The article by Waltz, 87, triggered a cascade of invective, none louder than from Israel's most prominent supporters.
Daniel Pipes called it "the single most preposterous analysis by an allegedly serious strategist of the Iranian quest for a nuclear weapon."
Waltz's principal reasons for advocating an Iranian bomb (as he himself summarizes them):
-- It would produce a more stable balance of military power in the Middle East. "Israel's regional nuclear monopoly, which has proved remarkably durable for the past four decades has long fueled instability in the Middle East (and) it is Israel's nuclear arsenal, not Iran's desire for one, that has contributed most of the current crisis …"
-- "By reducing imbalances in military power, new nuclear states generally produce more regional and international stability, not less."
-- "If Iran goes nuclear, Israel and Iran will deter each other, as nuclear powers always have. There has never been a full-scale war between two nuclear-armed states. Once Iran crosses the nuclear threshold, deterrence will apply, even if the Iranian arsenal is relatively small."
-- Would Iran become more cautious? "History shows that when countries acquire the bomb, they feel increasingly vulnerable and become acutely aware that their nuclear weapons make them a potential target in the eyes of major powers … India and Pakistan have both become more cautious since going nuclear."
A World War II veteran, Waltz got his doctorate in political science from Columbia University and is professor emeritus of political science at the University of California, Berkeley. A past president of the American Political Science Association, he is also a fellow of the American Academy of Arts and Sciences.
Waltz's 1959 book "Man, the State and War" posited a three-image view of looking at behavior in international relations. In his "The Spread of Nuclear Weapons: A Debate Renewed," Waltz argued for a world with more nuclear weapons states as this would enhance their power in nuclear deterrence.
While Waltz concedes it's impossible to be certain of Iranian intentions, he argues that its nuclear quest is designed to enhance its own security, not to improve its offensive capabilities, preservation being its modus operandi.
Foreign affairs experts rate Waltz among the world's most influential theorists in international relations but most of his writings have appeared only in academic journals.
It has become an article of faith among Israel's current top leadership (Prime Minister Binyamin Netanyahu and Defense Minister Ehud Barak) that once Iran develops its own nuclear bomb, it will be designed to be launched by medium-range missile against Tel Aviv or Jerusalem, thus in effect ending the existence of the Jewish state.
Clearly diplomatic negotiations are at an impasse. The European Union's oil embargo against Iran begins Sunday. The United States has tightened its own robust sanctions. Assuming punitive measures don't produce any change of heart in Iran's theocracy, advocates of an Israeli pre-emptive strike against Iran's key nuclear installations will gain credibility.
Some Iran-watchers are even suggesting that the best time for Israel to launch an attack would be at the height of the U.S. presidential campaign. Neither candidate would think it wise to criticize Israel.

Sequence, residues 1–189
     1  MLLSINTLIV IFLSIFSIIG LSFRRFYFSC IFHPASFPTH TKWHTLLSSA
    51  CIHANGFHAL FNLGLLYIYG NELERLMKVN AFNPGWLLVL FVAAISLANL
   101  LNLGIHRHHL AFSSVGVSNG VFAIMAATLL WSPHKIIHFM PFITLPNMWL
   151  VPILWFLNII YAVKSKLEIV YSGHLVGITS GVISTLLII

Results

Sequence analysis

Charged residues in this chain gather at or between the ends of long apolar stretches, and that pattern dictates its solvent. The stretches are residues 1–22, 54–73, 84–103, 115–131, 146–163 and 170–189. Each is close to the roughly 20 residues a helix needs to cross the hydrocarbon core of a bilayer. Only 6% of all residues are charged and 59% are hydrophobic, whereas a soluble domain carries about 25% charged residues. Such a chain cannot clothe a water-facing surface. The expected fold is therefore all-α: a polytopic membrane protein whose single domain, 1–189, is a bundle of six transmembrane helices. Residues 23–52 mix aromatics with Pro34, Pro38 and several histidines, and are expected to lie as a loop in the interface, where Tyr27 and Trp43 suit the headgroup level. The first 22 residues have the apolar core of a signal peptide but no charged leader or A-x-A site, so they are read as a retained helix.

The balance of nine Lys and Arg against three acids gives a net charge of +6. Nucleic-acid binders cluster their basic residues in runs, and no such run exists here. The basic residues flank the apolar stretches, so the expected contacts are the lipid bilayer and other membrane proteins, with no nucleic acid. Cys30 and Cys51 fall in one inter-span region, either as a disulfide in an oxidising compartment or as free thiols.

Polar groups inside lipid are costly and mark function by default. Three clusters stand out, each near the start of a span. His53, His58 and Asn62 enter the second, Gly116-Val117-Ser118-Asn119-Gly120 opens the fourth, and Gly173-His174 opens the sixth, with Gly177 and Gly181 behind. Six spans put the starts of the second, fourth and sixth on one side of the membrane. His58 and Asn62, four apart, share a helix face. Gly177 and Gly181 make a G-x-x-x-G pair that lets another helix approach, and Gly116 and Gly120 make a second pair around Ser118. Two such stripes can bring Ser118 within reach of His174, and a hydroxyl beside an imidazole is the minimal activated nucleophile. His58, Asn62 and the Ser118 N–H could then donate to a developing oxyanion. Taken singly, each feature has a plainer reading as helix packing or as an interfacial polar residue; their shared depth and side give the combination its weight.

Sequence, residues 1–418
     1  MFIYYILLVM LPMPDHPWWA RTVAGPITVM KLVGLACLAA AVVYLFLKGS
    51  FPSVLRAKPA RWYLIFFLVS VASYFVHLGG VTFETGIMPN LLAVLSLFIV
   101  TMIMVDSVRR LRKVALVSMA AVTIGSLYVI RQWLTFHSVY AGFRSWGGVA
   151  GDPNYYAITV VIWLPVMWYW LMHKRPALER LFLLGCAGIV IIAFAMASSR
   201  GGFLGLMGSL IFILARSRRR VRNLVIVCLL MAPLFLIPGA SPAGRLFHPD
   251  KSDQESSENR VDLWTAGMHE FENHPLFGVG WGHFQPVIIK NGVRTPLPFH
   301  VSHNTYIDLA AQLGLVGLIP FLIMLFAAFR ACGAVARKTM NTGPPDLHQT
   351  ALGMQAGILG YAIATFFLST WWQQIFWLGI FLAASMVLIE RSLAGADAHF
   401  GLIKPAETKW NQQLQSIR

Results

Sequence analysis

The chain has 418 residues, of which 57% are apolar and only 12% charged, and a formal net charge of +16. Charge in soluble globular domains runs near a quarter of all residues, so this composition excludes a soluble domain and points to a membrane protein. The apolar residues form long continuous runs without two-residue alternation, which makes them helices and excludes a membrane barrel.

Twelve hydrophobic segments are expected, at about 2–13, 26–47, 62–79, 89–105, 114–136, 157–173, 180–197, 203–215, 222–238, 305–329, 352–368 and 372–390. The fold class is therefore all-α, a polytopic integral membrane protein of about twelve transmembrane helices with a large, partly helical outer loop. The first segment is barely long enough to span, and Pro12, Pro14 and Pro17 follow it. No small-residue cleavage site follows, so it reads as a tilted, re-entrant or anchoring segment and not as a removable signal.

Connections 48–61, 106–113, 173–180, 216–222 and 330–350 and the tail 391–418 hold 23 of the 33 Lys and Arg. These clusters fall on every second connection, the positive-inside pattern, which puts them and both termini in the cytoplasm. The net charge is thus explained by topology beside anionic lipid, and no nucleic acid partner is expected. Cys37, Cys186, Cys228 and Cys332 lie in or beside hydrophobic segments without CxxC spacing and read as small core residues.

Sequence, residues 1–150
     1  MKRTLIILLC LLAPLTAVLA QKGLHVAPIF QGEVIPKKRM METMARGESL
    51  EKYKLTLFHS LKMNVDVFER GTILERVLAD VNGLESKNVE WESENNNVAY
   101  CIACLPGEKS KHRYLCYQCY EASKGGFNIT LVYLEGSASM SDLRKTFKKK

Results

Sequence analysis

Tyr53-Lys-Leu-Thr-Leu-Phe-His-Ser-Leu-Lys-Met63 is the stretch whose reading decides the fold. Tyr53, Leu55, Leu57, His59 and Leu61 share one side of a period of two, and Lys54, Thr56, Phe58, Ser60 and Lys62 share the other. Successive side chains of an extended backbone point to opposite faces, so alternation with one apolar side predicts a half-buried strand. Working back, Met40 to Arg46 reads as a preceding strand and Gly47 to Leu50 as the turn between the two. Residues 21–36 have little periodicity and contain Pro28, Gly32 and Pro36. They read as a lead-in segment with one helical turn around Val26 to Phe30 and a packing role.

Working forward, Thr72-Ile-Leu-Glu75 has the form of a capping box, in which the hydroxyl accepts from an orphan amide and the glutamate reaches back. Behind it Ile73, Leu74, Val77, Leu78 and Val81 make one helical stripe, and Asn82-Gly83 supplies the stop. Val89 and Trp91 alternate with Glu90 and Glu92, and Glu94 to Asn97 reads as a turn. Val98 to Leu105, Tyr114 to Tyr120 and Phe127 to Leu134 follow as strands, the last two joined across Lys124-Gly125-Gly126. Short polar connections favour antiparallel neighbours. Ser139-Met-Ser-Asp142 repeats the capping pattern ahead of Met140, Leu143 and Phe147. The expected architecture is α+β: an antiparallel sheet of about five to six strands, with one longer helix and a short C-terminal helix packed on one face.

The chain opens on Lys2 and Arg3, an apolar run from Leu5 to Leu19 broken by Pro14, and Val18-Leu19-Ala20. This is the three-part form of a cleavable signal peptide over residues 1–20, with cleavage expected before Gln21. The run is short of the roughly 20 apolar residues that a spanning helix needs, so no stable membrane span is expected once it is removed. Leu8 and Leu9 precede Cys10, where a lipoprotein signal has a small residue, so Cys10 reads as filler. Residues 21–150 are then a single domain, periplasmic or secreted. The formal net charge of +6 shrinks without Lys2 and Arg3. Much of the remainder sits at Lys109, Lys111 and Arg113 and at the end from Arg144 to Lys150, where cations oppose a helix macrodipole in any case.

Kenneth Waltz is not easily deterred. "The historical record," he says, "indicates that a country bent on acquiring nuclear weapons can rarely be dissuaded from doing so. Punishing a state through economic sanctions does not inexorably derail its nuclear program. Take North Korea, which succeeded in building its weapons despite countless rounds of sanctions and U.N. Security Council resolutions."
If Iran concludes, as it probably already has, that its security depends on owning nukes, sanctions are unlikely to change its mind, says Waltz.
In fact," he adds, "still more sanctions now could make Iran feel even more vulnerable, giving it still more reason to seek the protection of the ultimate deterrent."
Another possible outcome, says Waltz, "is that Iran stops short of testing a nuclear weapon but develops a breakout capability, the capacity to build and test one quite quickly."
Iran wouldn't be the first to do so. Japan opted for such a nuclear path and today it could produce a nuclear weapon in a few months.
An Iranian bomb would be quickly followed by a Saudi Arabian bomb, which could be obtained rapidly from Pakistan, a country desperately short of hard currency.
Most frightening of all scenarios is an Israeli attempt to go it alone that would trigger geopolitical mayhem up and down the Persian Gulf and beyond.
The U.S. Navy 5th Fleet recently transferred four minesweepers to its home base in Bahrain whose population is Shiite Muslims while the royal family and a small minority are Sunni. The small island harbors thousands of pro-Iranian Bahrainis.
Iranian mines in the Strait of Hormuz would drive oil prices skyward instantly. Minesweepers would clear the mines fairly quickly but they could be dropped time and again at night from thousands of small Iranian outboard craft.
Almost 40 percent of the world's seaborne oil -- 20 percent of the world's oil production -- transits the strait daily. Almost the entire 600-mile northern side of the gulf is Iranian territory. Iran's retaliatory capabilities also extend to Hezbollah in Lebanon and Hamas in Gaza.
One can only hope that Kenneth Waltz's geopolitical assumptions and prognostications are the right ones.